Complimenting the digital revolution of accademia was the social revolution in academia in the 1960s, which changed the focus off the single individual (White Men) to societal issues. By the eighties, they looked at the identity, or the group (Black studies, chicano studies or women’s studies). Now we have holistic approaches, (Environmental studies or global studies). As universities have expanded their scope foreign affairs and political science academics and theoreticians have more resources and fellow disciplines with whom to share ideas, finding new solutions to new problems.

Globalization, like it or lump it, is no longer a theory but a reality. The changes in technology, intermeshing of financial markets, and movement of people and goods now influence the policies of every nation. American or Chinese car emissions effect the Island nations of the pacific, East African hackers scam American seniors. This new academic focus is the only way to address these changes.

The only thing left to conclude is whether or not I see this change as good or bad. As far as globalization goes, I haven’t made a decision. As for a more expansive study of foreign affairs, I am clearly a huge fan; it moved from studying the Great White Men to the cultural and social forces affecting humanity. If we are to understand the forces affecting change in our world, contemporary students of foreign affairs must study the interrelated fields of economics, military affairs, globalization, social science and culture.

Jul 29

Several weeks ago, I wrote about the “9/11 Blame Game” and how both Democrats and Republicans blame the other side for 9/11; and last week Eric continued this topic by describing how Republicans, mainly Dick Cheney and other pundits, have already begun blaming Obama for the next attack. As I wrote the “9/11 Blame Game,” I wondered if conservatives would start blaming President Obama for losing, if we do, in Iraq or Afghanistan. Sure enough, only six months in to his Presidency, they have.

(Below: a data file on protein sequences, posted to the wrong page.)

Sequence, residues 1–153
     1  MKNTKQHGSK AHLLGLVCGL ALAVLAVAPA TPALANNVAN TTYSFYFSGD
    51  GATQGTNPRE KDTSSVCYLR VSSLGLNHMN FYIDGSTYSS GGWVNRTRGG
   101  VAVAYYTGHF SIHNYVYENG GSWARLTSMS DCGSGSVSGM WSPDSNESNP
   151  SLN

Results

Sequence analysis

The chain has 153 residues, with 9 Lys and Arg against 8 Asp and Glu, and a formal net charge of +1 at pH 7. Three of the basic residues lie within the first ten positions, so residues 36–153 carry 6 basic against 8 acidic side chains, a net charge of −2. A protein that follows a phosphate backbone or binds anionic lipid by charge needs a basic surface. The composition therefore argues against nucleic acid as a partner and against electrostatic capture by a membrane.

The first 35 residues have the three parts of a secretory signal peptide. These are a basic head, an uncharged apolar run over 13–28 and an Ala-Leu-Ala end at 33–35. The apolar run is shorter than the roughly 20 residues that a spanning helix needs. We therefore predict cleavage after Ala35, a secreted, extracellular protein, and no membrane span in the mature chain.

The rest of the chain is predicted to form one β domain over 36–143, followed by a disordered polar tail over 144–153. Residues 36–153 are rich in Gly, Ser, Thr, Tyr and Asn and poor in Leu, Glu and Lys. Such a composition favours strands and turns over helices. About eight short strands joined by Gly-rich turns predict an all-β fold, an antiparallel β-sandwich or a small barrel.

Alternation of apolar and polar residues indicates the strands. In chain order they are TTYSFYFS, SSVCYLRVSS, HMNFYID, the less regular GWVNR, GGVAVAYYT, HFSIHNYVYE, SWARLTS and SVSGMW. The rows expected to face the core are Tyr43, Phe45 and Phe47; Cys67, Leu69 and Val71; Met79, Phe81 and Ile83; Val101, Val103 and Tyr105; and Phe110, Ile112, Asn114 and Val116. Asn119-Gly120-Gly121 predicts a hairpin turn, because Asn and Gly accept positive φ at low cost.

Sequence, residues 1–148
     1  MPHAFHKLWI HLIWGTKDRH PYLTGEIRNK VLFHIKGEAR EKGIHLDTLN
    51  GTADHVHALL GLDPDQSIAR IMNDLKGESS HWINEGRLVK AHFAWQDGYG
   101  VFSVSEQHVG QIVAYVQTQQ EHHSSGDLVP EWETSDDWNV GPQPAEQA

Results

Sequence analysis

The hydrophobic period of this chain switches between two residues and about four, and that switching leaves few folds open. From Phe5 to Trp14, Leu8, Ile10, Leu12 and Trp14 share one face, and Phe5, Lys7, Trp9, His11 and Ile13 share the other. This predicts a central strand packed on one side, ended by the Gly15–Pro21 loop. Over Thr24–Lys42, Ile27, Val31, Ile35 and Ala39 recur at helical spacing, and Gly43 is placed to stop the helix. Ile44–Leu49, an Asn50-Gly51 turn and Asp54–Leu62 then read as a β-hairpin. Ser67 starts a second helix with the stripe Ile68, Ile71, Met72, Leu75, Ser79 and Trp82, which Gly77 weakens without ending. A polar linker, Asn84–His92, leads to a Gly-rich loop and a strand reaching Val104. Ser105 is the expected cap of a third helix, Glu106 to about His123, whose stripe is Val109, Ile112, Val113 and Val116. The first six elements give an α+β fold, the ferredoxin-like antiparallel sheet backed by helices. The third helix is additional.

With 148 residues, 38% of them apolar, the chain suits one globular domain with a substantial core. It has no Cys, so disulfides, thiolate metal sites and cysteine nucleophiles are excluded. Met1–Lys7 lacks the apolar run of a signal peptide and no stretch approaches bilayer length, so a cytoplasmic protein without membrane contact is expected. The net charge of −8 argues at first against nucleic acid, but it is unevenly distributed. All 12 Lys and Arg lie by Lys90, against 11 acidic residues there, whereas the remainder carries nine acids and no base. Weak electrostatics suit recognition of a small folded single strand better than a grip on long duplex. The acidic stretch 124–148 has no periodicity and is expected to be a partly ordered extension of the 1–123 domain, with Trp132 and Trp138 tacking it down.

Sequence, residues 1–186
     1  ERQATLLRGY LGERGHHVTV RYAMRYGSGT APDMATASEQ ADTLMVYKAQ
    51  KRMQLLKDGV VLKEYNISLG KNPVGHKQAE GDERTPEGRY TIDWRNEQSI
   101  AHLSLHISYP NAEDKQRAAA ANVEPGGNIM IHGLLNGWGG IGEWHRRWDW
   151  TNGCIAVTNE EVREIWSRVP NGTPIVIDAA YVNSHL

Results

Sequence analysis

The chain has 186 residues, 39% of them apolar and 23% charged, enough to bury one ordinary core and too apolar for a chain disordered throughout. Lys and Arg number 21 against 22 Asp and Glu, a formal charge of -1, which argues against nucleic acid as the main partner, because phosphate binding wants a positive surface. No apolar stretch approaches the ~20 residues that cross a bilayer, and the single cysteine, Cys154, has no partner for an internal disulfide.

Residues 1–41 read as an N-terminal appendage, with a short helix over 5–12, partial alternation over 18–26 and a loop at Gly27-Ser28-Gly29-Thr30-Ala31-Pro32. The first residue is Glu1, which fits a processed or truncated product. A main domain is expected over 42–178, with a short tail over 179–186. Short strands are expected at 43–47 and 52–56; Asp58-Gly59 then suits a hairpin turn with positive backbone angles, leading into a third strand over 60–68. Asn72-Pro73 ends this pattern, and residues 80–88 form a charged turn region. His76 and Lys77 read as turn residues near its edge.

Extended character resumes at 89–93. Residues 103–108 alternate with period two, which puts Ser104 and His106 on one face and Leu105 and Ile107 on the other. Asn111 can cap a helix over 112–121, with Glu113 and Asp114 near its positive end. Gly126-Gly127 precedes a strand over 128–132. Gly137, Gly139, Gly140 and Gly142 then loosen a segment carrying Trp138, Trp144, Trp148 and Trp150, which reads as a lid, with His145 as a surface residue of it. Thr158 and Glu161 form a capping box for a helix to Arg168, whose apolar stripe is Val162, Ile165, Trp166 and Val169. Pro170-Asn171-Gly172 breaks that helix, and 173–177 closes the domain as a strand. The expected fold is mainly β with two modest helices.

Victory is far from assured in either war. Despite the success of the surge in Iraq, the war is far from over; in Afghanistan, the situation grows more tenuous every month. While conservatives could make a case--and probably will in 2012-- that President Obama is responsible for the outcomes of each conflict as President, from a historical perspective this is unsupportable.

I feel that the best historical analogy for Barack Obama is Richard Nixon’s inheritance of the Vietnam war. Few blame Nixon for the fall of south Vietnam. He did what he could to pull out of Vietnam, and still it took years to do so. When historians, politicians and journalists analyze Vietnam, the blame falls on President Lyndon Johnson and the recently deceased Robert McNamara--the men who increased US involvement passed the point of no return.

Further, if by pulling out of Iraq and Afghanistan violence spikes in either country, Barack Obama will not be to blame.Whenever the US pulls out of a nation our removal portends better things in the long run. As Bennet Ramberg writes in the March/April Foreign Affairs, in the article called “Precedents for Withdrawal,” violence usually increases directly after the US pull out of a nation (Vietnam, Cambodia, Lebanon, Somalia) but then levels out. When, President Obama finally pulls all troops out of Iraq, the country will likely surge in violence again. In the years after, though, the country will stabilize.

Beyond historical analogies, blaming Obama for Iraq ignores the situation he inherited. President Bush never clarified our country’s intention before or after the invasion. Whether building democracy, toppling Saddam, fighting terrorists or finding weapons of mass destruction, we either never specified the goals; or we didn’t leave when they were accomplished. As for the successes of the recent surge, Thomas Ricks describes in this post how the tactical gains of the surge never actually fostered political reconciliation. Even if violence surges in Iraq after the surge that should not be held against President Obama.

Yet, the biggest target for Obama is not Iraq but Afghanistan. After appointing Lt. General Bill McChrystal to ground commander in Afghanistan, the current war narrative now describes this as Barack Obama’s war. This description ignores the length of our stay in that country and it is premature to call it his war. We have occupied Afghanistan for going on eight years, and the country still looks like it belongs in the fourteenth century. The Taliban own the countryside; and have for the last eight years. The war started poorly, and continued worse for eight years. Whatever Barack Obama does accomplish--even if the US pulls out and the Taliban take over--cannot be held against him. It’d be like replacing a football coach in the fourth quarter down sixty points and expecting him to win.